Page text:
The methods described in three Facebook patent applications use your historical location data — and others’ — to figure out where you’ll go next.
Facebook has filed several patent applications with the US Patent and Trademark Office for technology that uses your location data to predict where you’re going and when you’re going to be offline.
In a statement, Facebook spokesperson Anthony Harrison said, “We often seek patents for technology we never implement, and patent applications — such as this one — should not be taken as an indication of future plans.” While a patent application doesn’t necessarily mean that Facebook plans to implement the technology, it does show the company’s interest in tracking and predicting your locations, an important tool for helping it serve you more effective ads.
A May 30, 2017, Facebook application titled “Offline Trajectories” describes a method to predict where you’ll go next based on your location data. The technology described in the patent would calculate a “transition probability based at least in part on previously logged location data associated with a plurality of users who were at the current location.” In other words, the technology could also use the data of other people you know, as well as that of strangers, to make predictions.
If the company could predict when you are about to be in an offline area, Facebook content “may be prefetched so that the user may have access to content during the period where there is a lack of connectivity.”
In 2016, Google Maps for Android came under fire for introducing a similar feature called Driving Mode, which guessed the user’s destination, based on current location and web search history. After public backlash, a Google spokesperson clarified that the feature can only predict when you’re going to preprogrammed home and work destinations. Other locations, based on Google searches, for example, will be shown as suggestions.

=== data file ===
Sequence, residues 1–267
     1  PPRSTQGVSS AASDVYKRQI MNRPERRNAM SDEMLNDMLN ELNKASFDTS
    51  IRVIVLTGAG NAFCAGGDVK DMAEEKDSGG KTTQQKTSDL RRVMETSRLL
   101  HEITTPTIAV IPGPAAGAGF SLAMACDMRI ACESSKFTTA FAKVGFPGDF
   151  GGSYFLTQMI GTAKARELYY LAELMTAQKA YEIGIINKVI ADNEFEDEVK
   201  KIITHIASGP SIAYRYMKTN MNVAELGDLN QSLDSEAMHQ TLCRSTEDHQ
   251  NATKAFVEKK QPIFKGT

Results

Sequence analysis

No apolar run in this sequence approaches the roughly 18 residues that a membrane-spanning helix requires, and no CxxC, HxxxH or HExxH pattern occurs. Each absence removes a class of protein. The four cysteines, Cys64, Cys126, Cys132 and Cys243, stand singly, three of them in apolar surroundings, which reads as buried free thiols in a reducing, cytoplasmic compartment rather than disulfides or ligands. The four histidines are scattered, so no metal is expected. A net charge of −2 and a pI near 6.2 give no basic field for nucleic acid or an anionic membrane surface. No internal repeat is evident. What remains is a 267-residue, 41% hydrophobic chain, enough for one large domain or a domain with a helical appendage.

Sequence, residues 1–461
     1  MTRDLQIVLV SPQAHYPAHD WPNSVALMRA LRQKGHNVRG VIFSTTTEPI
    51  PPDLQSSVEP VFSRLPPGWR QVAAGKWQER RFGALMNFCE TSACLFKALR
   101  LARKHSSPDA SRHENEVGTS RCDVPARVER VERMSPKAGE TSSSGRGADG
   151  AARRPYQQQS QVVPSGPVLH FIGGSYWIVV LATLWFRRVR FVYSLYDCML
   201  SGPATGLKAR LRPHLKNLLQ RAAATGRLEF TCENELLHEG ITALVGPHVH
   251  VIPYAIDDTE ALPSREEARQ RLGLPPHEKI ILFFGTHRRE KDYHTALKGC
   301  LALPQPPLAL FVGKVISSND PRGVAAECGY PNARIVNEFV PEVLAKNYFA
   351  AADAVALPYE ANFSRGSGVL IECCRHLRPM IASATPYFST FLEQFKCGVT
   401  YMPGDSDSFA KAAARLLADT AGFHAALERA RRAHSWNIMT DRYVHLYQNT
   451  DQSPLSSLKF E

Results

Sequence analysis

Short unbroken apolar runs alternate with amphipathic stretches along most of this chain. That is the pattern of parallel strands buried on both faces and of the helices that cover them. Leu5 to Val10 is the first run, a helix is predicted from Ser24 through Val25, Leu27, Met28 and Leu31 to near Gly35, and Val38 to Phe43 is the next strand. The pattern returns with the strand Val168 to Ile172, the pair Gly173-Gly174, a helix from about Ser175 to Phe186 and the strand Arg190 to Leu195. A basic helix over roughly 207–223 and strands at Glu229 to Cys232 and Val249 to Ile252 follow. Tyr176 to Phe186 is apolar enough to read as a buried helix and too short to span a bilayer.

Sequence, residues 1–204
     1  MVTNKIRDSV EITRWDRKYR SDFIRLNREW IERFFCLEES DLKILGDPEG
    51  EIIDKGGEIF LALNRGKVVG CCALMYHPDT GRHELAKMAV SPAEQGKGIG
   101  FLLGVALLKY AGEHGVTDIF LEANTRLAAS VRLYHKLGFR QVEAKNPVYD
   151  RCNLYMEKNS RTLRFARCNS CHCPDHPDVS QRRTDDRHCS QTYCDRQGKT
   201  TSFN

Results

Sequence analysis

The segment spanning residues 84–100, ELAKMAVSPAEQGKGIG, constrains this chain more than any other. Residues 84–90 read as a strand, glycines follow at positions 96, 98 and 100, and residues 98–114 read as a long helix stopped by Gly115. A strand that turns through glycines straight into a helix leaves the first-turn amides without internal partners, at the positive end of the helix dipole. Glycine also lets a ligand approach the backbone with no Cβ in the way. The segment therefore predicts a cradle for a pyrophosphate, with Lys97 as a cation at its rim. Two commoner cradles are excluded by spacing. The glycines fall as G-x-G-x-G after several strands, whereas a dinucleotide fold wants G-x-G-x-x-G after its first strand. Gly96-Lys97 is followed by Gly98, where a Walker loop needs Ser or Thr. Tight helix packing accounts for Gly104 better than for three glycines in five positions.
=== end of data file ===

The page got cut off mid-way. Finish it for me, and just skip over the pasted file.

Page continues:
Another Facebook patent application titled “Location Prediction Using Wireless Signals on Online Social Networks” describes how tracking the strength of Wi-Fi, Bluetooth, cellular, and near-field communication (NFC) signals could be used to estimate your current location, in order to anticipate where you will go next.
This “background signal” information is used as an alternative to GPS because, as the patent describes, it may provide “the advantage of more accurately or precisely determining a geographic location of a user.”
The technology could learn the category of your current location (e.g., bar or gym), the time of your visit to the location, the hours that entity is open, and the popular hours of the entity.
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